Wednesday, May 14, 2008

Take charge of your introduction


Lots of my trainees say that "getting started" is the toughest part of any speech or presentation, and I agree: It's a time when audience attention is highest, and therefore a time when mistakes are magnified. If you're anxious about the session to boot, you'll feel even more under the microscope. And in my focus groups on women and public speaking, I've heard many women say they hear other women speakers start out by apologizing for some early issue or problem, from the room temperature to the sound system--not the image you want the audience to take away.

One great way to take charge at the start of your speech is to take charge of your introduction. Typically, someone--the organizer, a colleague, the host, a moderator--has the task of introducing you, and in my experience, few introducers take the time to make their words memorable. But rather than count on your introducer to do the research, the smart speaker prepares a suitable intro for herself. Here are a few ways to do that effectively:
  • Focus not on your resume, but on why you're here today: If you have specific credentials or interests that make this speech or this audience especially important or motivating to you, focus on them. "Janet's worked in many fields, but one reason she's here to speak to us today is to share her long-standing interest in microfinance for women's economic advancement. She spends her vacations volunteering for a major project in microfinance, and she'll be telling us about that experience today" tells your audience more than they'll find on your resume. You'll pique interest even further with that lead-in.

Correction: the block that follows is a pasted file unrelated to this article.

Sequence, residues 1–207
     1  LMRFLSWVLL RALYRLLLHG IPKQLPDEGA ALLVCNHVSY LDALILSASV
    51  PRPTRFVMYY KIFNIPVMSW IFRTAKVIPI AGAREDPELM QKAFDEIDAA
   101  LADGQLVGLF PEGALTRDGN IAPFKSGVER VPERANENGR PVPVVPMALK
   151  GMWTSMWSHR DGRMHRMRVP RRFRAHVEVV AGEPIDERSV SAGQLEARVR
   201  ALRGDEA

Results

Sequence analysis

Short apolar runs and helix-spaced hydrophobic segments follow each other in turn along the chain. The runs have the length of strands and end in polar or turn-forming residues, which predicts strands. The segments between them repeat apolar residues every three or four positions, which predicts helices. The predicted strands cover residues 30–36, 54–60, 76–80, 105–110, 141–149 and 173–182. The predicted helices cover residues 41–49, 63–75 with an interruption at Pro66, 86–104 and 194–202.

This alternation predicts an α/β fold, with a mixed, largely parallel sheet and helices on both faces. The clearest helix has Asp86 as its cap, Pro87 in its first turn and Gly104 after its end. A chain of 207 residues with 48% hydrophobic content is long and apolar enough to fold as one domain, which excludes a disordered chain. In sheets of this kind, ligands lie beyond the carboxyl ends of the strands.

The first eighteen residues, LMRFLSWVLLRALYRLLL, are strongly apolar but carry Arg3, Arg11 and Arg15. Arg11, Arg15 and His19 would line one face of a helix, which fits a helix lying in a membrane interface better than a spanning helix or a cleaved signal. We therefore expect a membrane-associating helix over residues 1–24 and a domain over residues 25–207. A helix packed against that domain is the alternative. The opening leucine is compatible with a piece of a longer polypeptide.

• Add some humor to a long list of achievements: "Marie's received many awards, but none so important to her as the opportunity to step away from her desk to speak to us. She begs you not to call her office and report her missing." Again, an attention-getter and one that will give you a smiling audience to face. I once faced an audience that knew I'd arrived at the conference with an illness, and I spent a lot of time recuperating before my talk. My start? "I normally bring a lot of infectious enthusiasm to this topic, but if you don't mind, today I'll skip the infectious part...."
  • Take over your own intro: Tell the moderator to give you the briefest of introductions, then work your own introduction into the start of your speech. Talking about yourself helps you build a relationship directly with your audience--and ensures the items you want to emphasize aren't lost or dropped.
On our sister blog at don't get caught, I've offered writers tips for a suite of introductions of various lengths. Take the time to prepare this collection of intros for yourself (or if you have a writer to help, share it with her) to be sure that your introducers don't get caught unprepared to give you a great entrance.